However, Lesotho applied to the Singapore High Court to reverse the investor-state arbitral award (to establish an ad hoc tribunal to hear the compensation claim de novo) in accordance with the Singapore International Arbitration Act and UNCITRAL Model Law on International Commercial Arbitration. Lesotho requested the court to set aside the arbitral award on several jurisdictional grounds. First, Lesotho argued that the arbitral tribunal did not have jurisdiction over the expropriation dispute because the expropriation happened before the entry into force of the SADC FIP (16 April 2010). Secondly, Lesotho alleged that the arbitral tribunal lacked jurisdiction because the dispute did not meet various requirements set out in Article 28 (1) of Annex 1 – that is, the dispute must involve an obligation in relation to an investment which is admitted in the host state. Thirdly, Lesotho alleged that the arbitral tribunal lacked jurisdiction over domestic investors which do not qualify as investors under Annex 1 and, thus lacked standing capacity to commence the arbitration. In addition, Lesotho claimed that the investors did not exhaust all local remedies in relation to the dispute as required by Article 28 (1) of Annex 1.

Findings of the Singapore High Court

The Singapore High Court set aside the investor-state arbitral award in terms of Article 34 of the UNCITRAL Model Law and section 24 of the Singapore International Arbitration Act. The court held that the real dispute submitted to international arbitration was not about expropriation but about the fact that the decision to disband the SADC Tribunal had resulted in denial of Mr Van Zyl’s right to access to justice; which arose after the SADC FIP came into force.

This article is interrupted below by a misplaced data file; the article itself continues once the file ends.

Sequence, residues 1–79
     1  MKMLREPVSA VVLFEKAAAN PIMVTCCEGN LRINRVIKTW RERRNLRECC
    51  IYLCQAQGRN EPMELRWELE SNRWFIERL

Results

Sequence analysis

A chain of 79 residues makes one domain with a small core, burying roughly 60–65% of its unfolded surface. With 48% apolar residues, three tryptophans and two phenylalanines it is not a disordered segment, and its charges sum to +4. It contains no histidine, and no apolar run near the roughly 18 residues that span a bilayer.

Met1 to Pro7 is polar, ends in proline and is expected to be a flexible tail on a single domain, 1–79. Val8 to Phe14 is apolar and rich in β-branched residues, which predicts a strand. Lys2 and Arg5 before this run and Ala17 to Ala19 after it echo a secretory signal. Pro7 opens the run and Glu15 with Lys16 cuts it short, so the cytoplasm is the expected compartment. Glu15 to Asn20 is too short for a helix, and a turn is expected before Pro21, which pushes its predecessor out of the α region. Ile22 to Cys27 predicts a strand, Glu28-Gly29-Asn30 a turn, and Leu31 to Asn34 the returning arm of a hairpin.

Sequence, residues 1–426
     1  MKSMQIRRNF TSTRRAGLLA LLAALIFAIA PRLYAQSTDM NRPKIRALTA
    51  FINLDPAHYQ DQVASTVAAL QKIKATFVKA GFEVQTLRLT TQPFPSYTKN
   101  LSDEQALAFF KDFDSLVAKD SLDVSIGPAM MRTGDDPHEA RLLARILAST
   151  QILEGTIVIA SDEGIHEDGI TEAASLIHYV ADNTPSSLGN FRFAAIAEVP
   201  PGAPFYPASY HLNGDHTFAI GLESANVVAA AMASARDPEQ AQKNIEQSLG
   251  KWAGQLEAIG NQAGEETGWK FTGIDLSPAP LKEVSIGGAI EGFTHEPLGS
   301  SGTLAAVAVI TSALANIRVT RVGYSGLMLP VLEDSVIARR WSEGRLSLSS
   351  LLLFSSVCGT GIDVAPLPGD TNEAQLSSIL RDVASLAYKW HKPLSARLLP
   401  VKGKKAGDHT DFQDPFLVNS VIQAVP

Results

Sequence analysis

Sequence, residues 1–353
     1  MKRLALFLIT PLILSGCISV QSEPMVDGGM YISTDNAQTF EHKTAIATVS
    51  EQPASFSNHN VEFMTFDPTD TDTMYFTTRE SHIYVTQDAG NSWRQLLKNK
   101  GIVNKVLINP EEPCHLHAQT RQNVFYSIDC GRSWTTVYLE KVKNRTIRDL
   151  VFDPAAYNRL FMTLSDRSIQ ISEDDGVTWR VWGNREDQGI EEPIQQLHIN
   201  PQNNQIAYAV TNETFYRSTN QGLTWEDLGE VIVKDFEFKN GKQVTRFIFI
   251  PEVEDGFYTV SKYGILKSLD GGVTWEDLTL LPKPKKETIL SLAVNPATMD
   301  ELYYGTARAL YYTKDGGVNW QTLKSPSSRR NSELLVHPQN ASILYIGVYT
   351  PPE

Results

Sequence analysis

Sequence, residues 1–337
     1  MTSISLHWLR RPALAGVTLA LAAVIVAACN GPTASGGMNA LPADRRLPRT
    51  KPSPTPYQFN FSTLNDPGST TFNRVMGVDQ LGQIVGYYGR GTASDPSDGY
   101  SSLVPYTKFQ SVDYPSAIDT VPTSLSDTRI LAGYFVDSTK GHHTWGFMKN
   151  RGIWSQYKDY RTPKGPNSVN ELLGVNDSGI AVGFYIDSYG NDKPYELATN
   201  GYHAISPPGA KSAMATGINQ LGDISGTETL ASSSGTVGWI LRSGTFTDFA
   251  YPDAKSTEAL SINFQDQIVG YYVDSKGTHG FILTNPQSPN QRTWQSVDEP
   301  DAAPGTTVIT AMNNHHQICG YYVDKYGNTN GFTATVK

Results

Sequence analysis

The Singapore High Court found that the investors’ right to submit disputes to the SADC Tribunal did not qualify as an investment under Annex 1. The court interpreted the definition of investment under Annex 1 to mean only rights or property acquired in the host state under its domestic laws. The court perceived that the dissolution of the SADC Tribunal concerned a (secondary) right to bring disputes before the Tribunal, not investment in mining leases. In other words, the right to bring claims did not derive from the rights created by the mining leases, but had been conferred by the SADC Treaty and SADC Tribunal Protocol. That is, the investors’ right to refer disputes to the SADC Tribunal was not a right they acquired by virtue of their investment, but one conferred by the SADC Treaty, SADC Tribunal Protocol and SADC FIP.

The court concluded that while the obligations to provide investors with fair and equitable treatment as well as access to courts and tribunals might be understood in relation to the mining leases, the relevant investment for the demise of the SADC Tribunal was the secondary right to bring a claim before the SADC Tribunal. Thus, the dissolution of the SADC Tribunal did not constitute any obligation of Lesotho in relation to the claimed investment – the investors’ right to submit claims to the SADC Tribunal.